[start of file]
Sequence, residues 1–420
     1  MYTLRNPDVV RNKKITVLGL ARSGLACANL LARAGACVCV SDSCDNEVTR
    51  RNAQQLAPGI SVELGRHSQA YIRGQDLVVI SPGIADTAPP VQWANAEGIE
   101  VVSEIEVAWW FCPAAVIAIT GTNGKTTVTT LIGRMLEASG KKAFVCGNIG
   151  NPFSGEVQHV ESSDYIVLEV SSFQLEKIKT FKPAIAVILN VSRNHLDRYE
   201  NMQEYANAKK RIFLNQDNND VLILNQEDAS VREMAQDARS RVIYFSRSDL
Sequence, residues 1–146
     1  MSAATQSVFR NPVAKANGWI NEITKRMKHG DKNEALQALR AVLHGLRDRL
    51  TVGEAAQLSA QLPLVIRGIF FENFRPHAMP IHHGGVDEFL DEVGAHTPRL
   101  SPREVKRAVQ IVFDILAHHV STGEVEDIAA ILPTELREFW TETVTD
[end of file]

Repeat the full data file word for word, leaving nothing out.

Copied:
Sequence, residues 1–420
     1  MYTLRNPDVV RNKKITVLGL ARSGLACANL LARAGACVCV SDSCDNEVTR
    51  RNAQQLAPGI SVELGRHSQA YIRGQDLVVI SPGIADTAPP VQWANAEGIE
   101  VVSEIEVAWW FCPAAVIAIT GTNGKTTVTT LIGRMLEASG KKAFVCGNIG
   151  NPFSGEVQHV ESSDYIVLEV SSFQLEKIKT FKPAIAVILN VSRNHLDRYE
   201  NMQEYANAKK RIFLNQDNND VLILNQEDAS VREMAQDARS RVIYFSRSDL
Sequence, residues 1–146
     1  MSAATQSVFR NPVAKANGWI NEITKRMKHG DKNEALQALR AVLHGLRDRL
    51  TVGEAAQLSA QLPLVIRGIF FENFRPHAMP IHHGGVDEFL DEVGAHTPRL
   101  SPREVKRAVQ IVFDILAHHV STGEVEDIAA ILPTELREFW TETVTD